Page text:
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“Current labor laws protect companies more than workers. Many times, we are being forced to work under unsafe and unhealthy working conditions without the protection of the law. They have been calling us essential workers but we are still being treated as disposable. It’s time to pass laws that truly protect workers.”

             – Meat processing worker with 18 years of experience in one Missouri facility

Meat and poultry processing workers have been organizing for safe working conditions and a voice in their workplace for decades. Many have spoken out about the hazardous and exploitative conditions in pork, beef and poultry plants across the U.S. – the vast majority of which are owned by four massive corporations: Cargill, Tyson Foods, JBS, and National Beef Packing Co.

The majority of workers in this sector are from BIPOC communities, and when compared with the workforce at large, they are much more likely to be born outside of the US and/or lack citizenship status. They frequently report injuries from excessive and unsafe line speeds, which can create lifelong complications. Line speeds are not the only hazards: workers are forced to operate dangerous machinery without adequate training, and are exposed to harmful chemicals which can lead to poisoning and death. Workers are denied bathroom breaks and describe a general culture of abuse, fear and retaliation from employers when they try to organize or ask for changes in their workplace.

During the pandemic, meat companies pushed workers to keep working without putting critical protections in place. We now know they also used the threat of supply chain shortages to exempt themselves from nationwide COVID protocols and keep plants open, earning them record-breaking profits. With the pandemic exemption, deregulation of the pork industry, and few consequences for violations from agencies like OSHA, these conditions are only worsening.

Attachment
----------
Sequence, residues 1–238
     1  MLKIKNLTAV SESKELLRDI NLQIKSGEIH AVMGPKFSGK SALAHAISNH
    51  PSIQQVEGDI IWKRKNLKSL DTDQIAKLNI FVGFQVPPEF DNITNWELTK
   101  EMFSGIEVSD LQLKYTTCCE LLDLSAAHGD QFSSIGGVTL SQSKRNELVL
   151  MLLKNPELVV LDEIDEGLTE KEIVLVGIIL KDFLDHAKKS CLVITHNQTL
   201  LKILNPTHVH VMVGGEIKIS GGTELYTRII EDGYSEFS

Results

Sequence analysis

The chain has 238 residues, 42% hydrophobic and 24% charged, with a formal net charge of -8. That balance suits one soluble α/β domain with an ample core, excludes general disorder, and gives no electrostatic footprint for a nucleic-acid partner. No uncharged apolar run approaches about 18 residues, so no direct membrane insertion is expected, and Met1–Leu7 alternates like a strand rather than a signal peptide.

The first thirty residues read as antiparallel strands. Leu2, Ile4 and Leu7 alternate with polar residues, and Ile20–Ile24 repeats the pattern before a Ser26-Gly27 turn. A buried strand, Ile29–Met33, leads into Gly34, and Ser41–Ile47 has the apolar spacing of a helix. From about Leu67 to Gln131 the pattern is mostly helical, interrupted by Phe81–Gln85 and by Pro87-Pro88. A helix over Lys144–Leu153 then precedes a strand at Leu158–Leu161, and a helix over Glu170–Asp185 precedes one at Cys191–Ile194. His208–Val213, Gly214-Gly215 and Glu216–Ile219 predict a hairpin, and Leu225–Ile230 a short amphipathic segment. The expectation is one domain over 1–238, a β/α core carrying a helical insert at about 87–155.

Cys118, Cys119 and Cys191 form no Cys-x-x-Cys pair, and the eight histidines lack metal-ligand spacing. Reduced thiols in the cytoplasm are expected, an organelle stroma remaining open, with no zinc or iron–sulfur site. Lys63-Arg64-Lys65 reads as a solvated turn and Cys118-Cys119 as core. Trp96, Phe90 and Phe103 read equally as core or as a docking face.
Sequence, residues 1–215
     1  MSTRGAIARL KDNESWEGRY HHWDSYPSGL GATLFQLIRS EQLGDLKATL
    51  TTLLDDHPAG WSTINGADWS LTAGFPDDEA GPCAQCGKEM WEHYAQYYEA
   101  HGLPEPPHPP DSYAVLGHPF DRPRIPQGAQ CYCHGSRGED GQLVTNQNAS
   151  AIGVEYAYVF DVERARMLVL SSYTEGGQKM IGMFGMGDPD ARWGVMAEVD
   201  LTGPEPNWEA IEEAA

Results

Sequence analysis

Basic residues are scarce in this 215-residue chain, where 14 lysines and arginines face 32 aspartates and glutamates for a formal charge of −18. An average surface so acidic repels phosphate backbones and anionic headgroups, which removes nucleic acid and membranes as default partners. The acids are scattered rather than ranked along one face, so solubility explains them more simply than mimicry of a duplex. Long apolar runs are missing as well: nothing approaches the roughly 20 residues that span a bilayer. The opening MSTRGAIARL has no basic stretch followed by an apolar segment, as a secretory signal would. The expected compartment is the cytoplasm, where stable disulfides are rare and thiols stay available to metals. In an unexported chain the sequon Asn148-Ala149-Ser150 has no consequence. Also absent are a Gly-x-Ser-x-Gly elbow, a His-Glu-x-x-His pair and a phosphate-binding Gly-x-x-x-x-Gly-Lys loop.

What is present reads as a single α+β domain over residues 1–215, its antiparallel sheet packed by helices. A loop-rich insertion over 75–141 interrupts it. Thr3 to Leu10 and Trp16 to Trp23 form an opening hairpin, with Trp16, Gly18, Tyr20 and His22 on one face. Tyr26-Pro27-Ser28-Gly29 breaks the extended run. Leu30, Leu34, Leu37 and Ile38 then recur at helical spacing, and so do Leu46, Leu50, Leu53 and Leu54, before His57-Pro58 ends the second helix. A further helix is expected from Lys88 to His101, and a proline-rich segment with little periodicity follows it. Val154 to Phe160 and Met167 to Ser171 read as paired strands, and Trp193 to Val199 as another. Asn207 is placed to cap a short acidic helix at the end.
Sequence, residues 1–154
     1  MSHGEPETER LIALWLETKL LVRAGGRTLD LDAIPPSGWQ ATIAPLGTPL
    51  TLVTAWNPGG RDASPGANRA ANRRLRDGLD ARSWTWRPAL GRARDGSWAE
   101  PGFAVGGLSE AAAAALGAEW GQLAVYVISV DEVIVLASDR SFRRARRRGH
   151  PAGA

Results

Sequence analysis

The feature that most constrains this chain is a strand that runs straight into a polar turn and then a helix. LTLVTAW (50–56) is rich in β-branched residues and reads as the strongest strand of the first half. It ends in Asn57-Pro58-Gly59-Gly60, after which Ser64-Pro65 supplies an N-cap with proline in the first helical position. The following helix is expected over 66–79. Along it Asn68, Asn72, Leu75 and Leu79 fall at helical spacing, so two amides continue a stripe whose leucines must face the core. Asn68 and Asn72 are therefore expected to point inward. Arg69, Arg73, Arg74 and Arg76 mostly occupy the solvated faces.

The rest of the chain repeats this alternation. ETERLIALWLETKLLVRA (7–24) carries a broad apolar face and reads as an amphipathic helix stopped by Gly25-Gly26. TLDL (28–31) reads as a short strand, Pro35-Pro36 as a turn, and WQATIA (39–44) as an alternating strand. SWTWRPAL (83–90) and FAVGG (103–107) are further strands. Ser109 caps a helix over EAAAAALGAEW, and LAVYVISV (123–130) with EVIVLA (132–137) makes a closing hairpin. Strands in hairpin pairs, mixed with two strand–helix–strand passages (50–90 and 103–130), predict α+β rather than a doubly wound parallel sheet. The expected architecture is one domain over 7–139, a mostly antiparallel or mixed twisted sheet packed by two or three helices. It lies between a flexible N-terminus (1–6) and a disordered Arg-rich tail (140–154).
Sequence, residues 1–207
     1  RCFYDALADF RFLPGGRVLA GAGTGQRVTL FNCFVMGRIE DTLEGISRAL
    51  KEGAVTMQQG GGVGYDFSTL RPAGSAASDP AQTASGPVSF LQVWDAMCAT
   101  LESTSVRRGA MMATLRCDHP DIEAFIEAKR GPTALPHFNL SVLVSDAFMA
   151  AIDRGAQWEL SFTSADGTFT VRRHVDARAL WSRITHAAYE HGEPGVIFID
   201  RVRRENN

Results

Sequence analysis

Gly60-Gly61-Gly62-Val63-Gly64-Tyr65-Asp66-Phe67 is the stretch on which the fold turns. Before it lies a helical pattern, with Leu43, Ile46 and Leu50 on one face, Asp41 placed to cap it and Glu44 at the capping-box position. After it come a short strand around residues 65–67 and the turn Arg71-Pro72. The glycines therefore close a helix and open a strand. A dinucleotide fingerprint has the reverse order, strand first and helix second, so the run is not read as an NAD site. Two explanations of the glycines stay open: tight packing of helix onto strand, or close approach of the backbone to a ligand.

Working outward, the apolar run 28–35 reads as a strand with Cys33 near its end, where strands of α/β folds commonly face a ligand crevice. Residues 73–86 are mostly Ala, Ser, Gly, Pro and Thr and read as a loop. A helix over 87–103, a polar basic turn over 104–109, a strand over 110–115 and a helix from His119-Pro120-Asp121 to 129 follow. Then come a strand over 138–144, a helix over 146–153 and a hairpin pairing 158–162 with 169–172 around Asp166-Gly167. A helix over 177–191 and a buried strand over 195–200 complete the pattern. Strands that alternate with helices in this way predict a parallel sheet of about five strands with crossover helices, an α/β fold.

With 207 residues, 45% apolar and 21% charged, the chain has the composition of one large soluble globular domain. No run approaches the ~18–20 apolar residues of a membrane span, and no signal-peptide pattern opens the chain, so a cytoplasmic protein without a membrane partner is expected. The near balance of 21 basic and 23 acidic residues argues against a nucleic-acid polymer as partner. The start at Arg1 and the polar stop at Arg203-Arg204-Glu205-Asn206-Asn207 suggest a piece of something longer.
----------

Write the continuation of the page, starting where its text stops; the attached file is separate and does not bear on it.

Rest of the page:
But workers in these plants continue to organize, through grassroots organizations and FCWA members like Venceremos, Rural Community Workers Alliance and CATA, and they have a critical need for stronger legal protections. This week, Senator Booker and Representative Ro Khanna re-introduced the Protecting America’s Meatpacking Workers Act (PAMWA) as part of a package of bills tackling injustice in the food system. PAMWA would provide essential protections for workers, including limiting line speed waivers, enhancing protection from retaliation for workers who speak up, ensuring access to proper medical care, eliminating unreasonable restrictions on workers’ use of bathrooms, and requiring OSHA to develop enforceable standards to protect workers from musculoskeletal disorders and airborne diseases, while addressing the stranglehold that a handful of corporations have over this industry.

“Day after day meat processing workers sacrifice their health and safety to feed all of us in this country, despite the hazards and risks they face. This is an opportunity for congress to provide   meatpacking workers with necessary legal protections that would greatly improve the safety of their workplaces while protecting their right to speak out freely against mistreatment” said Axel Funtes, Executive Director of the Rural Community Workers Alliance. “Here in Missouri, at the Rural Community Workers Alliance, we listened to our workers’ stories –  the PAMWA bill includes the voices of these working people and is a vital step to reform health and safety standards across our food systems.”

While there is still much more to do to protect workers and support worker organizing in meat processing plants, the provisions in this Bill are a critically important step and we are urging Congress to support this legislation.




Illustration by Aaron Hughes